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The PSNet Collection: All Content

The AHRQ PSNet Collection comprises an extensive selection of resources relevant to the patient safety community. These resources come in a variety of formats, including literature, research, tools, and Web sites. Resources are identified using the National Library of Medicine’s Medline database, various news and content aggregators, and the expertise of the AHRQ PSNet editorial and technical teams.

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Displaying 1 - 6 of 6 Results
Appelbaum NP, Santen SA, Perera RA, et al. J Patient Saf. 2022;18:370-375.
Residents and trainees frequently report experiencing bullying and disrespectful behaviors in the workplace. This study explored the relationship between resident psychological safety, perceived organizational support, and humiliation. Results indicate resident perception of increased organizational support (e.g., help is available when they have a problem) reduces the negative impact of humiliation on their psychological safety.
Kim S, Appelbaum NP, Baker N, et al. J Healthc Qual. 2020;42:249-263.
This review summarizes studies of training programs targeting healthcare professionals’ speaking up skills. The authors found that most training programs were limited to a one-time training delivered to a single profession (i.e., limited to doctors or nurses).  The majority of programs addressed legitimate power (i.e., social norms such as titles) but few addressed other types of power (e.g., reward or coercive power, personal resources) or the non-verbal (i.e., emotional) skills required in speaking-up behaviors.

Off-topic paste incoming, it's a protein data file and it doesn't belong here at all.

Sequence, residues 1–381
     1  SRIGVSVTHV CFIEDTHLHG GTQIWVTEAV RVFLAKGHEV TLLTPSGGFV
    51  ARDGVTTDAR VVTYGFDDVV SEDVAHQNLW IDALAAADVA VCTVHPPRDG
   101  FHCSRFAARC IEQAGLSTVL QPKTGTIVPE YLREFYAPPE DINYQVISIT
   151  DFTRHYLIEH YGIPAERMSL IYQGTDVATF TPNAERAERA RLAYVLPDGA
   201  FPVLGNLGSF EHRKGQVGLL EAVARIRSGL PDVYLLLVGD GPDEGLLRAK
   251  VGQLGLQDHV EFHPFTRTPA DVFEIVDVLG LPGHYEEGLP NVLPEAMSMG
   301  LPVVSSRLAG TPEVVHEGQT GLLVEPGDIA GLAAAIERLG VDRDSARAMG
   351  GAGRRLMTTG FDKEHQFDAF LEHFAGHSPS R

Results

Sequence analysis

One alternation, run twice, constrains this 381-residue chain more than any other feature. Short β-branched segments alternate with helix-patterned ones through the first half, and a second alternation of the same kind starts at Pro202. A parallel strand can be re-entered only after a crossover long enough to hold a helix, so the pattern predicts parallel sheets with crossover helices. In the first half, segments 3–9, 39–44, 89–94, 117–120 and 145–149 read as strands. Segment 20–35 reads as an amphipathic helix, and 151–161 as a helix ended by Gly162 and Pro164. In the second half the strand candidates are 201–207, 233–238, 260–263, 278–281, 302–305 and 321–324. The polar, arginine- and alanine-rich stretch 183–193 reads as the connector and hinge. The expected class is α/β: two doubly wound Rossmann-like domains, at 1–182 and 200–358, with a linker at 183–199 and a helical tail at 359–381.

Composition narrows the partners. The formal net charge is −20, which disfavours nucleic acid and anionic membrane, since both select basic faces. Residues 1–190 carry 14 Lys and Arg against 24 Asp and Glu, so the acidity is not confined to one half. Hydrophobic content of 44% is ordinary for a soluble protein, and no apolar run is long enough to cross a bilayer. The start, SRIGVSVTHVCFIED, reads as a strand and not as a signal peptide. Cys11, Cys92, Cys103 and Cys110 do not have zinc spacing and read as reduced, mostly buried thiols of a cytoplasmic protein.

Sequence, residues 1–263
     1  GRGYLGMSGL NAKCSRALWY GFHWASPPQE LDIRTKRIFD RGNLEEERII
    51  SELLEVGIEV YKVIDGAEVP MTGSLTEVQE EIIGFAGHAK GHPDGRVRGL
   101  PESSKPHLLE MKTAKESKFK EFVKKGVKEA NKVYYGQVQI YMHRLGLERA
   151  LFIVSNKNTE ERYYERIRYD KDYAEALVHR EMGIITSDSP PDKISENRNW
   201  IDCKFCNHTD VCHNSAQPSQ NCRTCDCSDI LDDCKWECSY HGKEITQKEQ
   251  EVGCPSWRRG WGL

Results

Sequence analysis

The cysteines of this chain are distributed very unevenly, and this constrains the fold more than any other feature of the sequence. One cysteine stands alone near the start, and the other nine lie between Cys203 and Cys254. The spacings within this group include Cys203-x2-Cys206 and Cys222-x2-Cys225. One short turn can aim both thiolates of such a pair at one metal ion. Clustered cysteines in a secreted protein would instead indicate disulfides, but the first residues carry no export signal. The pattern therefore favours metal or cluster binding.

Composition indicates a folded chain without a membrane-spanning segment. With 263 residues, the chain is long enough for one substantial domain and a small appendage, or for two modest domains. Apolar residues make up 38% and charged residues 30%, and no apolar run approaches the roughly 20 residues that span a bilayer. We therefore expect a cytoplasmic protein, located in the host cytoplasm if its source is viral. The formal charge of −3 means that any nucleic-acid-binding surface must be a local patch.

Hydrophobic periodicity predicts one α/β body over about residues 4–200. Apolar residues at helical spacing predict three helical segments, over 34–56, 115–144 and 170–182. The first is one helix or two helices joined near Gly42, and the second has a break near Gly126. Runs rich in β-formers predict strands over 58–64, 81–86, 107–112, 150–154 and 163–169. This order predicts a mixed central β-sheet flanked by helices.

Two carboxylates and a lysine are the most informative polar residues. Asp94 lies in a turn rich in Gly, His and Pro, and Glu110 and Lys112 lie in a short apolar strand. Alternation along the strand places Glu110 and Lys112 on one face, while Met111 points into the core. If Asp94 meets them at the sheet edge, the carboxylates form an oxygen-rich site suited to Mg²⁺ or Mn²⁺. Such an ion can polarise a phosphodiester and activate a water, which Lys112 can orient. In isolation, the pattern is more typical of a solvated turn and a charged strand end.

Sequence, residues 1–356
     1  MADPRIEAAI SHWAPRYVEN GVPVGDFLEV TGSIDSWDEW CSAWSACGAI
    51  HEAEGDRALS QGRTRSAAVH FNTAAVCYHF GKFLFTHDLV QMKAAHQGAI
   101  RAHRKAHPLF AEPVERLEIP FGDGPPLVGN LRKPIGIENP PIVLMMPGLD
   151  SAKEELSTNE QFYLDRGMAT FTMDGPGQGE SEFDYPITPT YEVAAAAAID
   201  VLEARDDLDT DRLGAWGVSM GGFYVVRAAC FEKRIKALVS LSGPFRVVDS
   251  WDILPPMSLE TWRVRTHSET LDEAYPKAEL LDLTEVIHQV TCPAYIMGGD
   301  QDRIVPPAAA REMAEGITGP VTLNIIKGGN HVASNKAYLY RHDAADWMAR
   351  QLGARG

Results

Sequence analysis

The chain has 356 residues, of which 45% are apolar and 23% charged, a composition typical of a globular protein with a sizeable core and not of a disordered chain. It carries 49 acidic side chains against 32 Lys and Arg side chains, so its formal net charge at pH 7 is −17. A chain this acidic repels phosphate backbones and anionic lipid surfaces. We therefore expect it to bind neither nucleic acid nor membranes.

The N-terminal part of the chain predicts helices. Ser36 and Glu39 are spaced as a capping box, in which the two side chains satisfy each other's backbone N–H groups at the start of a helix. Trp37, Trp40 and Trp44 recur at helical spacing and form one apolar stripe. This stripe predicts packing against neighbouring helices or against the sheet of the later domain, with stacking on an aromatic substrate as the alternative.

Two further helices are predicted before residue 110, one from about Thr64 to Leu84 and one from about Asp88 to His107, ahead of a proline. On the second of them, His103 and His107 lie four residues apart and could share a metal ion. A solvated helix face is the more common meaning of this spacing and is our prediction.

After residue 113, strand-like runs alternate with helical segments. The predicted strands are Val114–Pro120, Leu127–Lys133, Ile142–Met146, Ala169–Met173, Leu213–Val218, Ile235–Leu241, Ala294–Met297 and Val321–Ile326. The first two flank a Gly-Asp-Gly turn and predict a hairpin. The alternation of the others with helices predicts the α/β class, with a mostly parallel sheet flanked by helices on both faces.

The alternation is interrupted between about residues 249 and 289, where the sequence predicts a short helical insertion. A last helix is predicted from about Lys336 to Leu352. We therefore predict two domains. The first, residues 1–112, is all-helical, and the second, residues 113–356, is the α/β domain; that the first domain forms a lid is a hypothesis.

Best JA, Kim S. J Contin Educ Nurs. 2019;50:355-361.
A key aspect of a robust safety culture is that all team members feel psychologically safe in difficult situations. This commentary describes the development and use of a speaking-up curriculum that focuses on communication skills, cultural expectations, cognitive restructuring techniques, and resilience strategies. The program successfully increased motivation and comfort of participants in sharing concerns in various clinical situations.
Appelbaum NP, Dow A, Mazmanian PE, et al. Med Edu. 2016;50:343-350.
The Accreditation Council for Graduate Medical Education Clinical Learning Environment Review (CLER) program encourages resident participation in patient safety programs, including reporting errors and near misses. This survey found that perceived psychological safety was a critical predictor of residents' willingness to report events, highlighting the importance of an overall culture of safety in encouraging error reporting. A recent PSNet interview discussed the CLER program and its impact on medical education.